“The Burmese python is an invasive species that has become established in South Florida, including the Florida Everglades and poses a serious threat to native wildlife,” Vielhauer wrote.

Related: Pythons ran amok in the Everglades until these hired guns showed up. 

Florida invasive species experts have said the water management district’s python hunt has been the most successful in catching the voracious predators and bringing attention to the problem.

A native to Asia, the Burmese python is considered one of the largest snakes in the world. FWC’s website says it was likely introduced into the Everglades by accident or intentional releases by pet owners. While not venomous, “the giant constrictors have thrived, assuming a top position on the food web.”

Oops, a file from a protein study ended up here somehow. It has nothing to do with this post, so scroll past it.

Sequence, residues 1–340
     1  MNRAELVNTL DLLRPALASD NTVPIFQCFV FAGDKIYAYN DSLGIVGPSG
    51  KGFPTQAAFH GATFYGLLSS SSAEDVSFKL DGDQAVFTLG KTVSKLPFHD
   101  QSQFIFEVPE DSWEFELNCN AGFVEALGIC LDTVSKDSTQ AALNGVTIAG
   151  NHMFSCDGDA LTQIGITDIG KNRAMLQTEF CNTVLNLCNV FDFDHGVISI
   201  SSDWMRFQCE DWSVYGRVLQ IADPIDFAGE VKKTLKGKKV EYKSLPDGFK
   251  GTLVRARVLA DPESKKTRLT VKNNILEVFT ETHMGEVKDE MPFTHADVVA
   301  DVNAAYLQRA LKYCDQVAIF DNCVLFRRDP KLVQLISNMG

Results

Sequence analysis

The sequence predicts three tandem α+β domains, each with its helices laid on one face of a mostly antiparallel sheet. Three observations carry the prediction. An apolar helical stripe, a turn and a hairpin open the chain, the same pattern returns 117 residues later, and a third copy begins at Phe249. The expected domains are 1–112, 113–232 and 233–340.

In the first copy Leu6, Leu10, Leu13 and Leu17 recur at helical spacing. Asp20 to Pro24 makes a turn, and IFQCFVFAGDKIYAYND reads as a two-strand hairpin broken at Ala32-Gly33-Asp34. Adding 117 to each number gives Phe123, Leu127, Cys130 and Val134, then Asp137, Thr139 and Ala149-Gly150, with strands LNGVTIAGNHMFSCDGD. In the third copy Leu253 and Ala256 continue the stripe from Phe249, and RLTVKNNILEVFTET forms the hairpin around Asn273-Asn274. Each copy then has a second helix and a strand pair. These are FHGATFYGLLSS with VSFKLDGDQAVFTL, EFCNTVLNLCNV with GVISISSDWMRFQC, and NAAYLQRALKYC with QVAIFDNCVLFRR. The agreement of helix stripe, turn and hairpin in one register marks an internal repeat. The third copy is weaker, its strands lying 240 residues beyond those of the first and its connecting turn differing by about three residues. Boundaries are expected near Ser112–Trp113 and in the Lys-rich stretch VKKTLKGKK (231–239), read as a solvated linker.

Dusty “Wildman” Crum with previous record python kill of 16-foot-10-inch snake in May. The image of the cat in the back is part of a trail head.

In a statement, the district says all python killings “must be conducted in a humane manner.”

WATCH: Epic battle between python and alligator caught on video.

“Rules of the Python Elimination Program direct all participating hunters to follow American Veterinary Medical Association guidelines in the eradication of these snakes,” the statement said. “District staff review all claims/complaints levied against the program’s hunters and will continue to enforce the rules of the program.”

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Why this happened to the landmark python hunting program

Hunters paid to track and kill invasive pythons have taken 760 of the voracious snakes out of the Everglades since a landmark program began in March.

The South Florida Water Management District, which pays minimum wage plus cash prizes based on snake size, approved the plan only as a temporary experiment.

VIDEO: Watch Dusty “Wildman” Crum wrestle nearly 17-foot python.